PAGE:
Karen Casey, the nurse who was seriously injured in the Pel-Air crash near Norfolk Island in 2009, has won the right to damages from the air operator for post-traumatic stress disorder (PTSD).

In the Supreme Court in Sydney last week Justice Monika Schmidt ruled that compensation did apply in the case brought by Casey because like all her other crash-related injuries, her PTSD is a bodily injury.

The defence had argued in the case brought against Pel-Air by the former nurse that the Montreal Convention, which relates to damages arising from aviation accidents, excluded compensation for psychological injury.

The parties will now consider the detail of the judgment before compensation being awarded to Casey is determined in further proceedings.

Casey was among the six people on board the Pel-Air Westwind corporate jet conducting a medical evacuation from Apia to Melbourne on November 18, 2009, when it was ditched into the sea after being unable to land for refueling at Norfolk Island because of a deterioration in the forecast weather conditions.

The crash has been the subject of prolonged controversy over the conduct and procedures of the Australian Transport Safety Bureau in determining that the captain of the jet was to blame for the accident.

That report by the ATSB has since been discredited by a peer review of the Australian agency’s procedures by the Transportation Safety Board of Canada, which caused the original ATSB final report to be withdrawn, pending its doing a new, comprehensive and professional report into the accident.

The ATSB was also directed to retrieve and if possible, read the flight information on the Pel-Air jet’s flight data recorder, which it has previously refused to recover from the sea floor.

A Senate inquiry into the conduct of the ATSB was severely critical of testimony made by Chief Commissioner Martin Dolan and found that the Civil Aviation Safety Authority had suppressed an internal review that found that had it carried out its duties of oversight of Pel-Air, the accident might have been prevented.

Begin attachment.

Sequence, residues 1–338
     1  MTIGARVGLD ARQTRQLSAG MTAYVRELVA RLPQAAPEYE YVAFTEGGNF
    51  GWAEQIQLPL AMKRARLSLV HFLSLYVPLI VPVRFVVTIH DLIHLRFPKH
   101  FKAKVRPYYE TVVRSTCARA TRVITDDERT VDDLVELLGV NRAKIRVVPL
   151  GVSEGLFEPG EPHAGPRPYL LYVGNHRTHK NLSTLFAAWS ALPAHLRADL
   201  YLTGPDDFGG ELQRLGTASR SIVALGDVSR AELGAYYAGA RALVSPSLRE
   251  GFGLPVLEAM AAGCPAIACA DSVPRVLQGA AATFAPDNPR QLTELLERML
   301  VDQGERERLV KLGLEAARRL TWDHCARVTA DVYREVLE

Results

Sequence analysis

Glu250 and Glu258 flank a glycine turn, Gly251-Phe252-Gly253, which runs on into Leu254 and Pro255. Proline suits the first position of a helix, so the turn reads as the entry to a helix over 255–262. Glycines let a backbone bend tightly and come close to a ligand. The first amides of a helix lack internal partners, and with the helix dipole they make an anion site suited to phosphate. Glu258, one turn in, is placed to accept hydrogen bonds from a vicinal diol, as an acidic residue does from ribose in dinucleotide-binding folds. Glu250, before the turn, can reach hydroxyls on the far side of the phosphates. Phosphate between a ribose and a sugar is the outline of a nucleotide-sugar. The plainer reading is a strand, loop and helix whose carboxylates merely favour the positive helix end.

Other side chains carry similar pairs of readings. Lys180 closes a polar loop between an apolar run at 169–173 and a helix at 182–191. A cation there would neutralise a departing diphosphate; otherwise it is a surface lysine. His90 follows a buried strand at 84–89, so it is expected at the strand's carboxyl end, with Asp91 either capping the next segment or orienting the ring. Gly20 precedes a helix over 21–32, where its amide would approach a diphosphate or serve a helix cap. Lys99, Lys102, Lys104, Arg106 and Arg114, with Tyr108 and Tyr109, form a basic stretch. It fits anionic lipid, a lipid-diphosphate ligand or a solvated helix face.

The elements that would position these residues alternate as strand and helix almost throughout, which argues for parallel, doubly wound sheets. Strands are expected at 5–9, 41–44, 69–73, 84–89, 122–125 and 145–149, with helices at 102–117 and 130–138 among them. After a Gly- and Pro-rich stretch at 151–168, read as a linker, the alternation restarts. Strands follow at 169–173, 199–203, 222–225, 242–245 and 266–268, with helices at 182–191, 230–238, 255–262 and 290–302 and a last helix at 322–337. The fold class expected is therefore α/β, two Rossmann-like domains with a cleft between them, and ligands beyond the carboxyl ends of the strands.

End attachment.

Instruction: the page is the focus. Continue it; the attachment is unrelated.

That suppressed document, tabled and made public by the Senate inquiry, showed that Pel-Air was in multiple significant breaches of the safety regulations  at the time of the crash, and that CASA had, inter alia, failed in its duties in relation to Pel-Air’s operations.

Dolan had insisted in testimony to the Senate hearing that the matters revealed by the CASA internal audit were not relevant to its now-discredited and withdrawn final report into the crash.

In her decision Schmidt said the prospects for Casey’s future were “very poor”.

Schmidt said Casey “has been deprived not only of fulfilling work and a long-term career, but her ability to care for her family and much of her enjoyment of life. She has been left by the crash in what must be described as a pitiable condition.

“Ms Casey’s case that the bodily injuries she has suffered were significant and serious, resulting in significant impairment of function, which had prevented her from working from November 2009 and made it unlikely that she will work again in the future, was established by the evidence.

“But for her injuries, Ms Casey would have continued functioning at a high level, pursuing her career, personal interests and family life, as she had done before the crash. In the result, she is entitled to damages assessed in accordance with the provisions of the Civil Liability Act.”

Last week’s decision by the Supreme Court may have implications in Australia and worldwide by way of potential legal precedents for the application of the Montreal Convention to crash victim compensation claims, where previously it has been invoked to exclude damages for psychological injuries.

However it isn’t clear at this stage as to whether the decision can be successfully interpreted as setting a broad legal precedent, rather than a narrow interpretation that might be limited to a set of evidence similar to that brought in relation to this case.

Peter Fray

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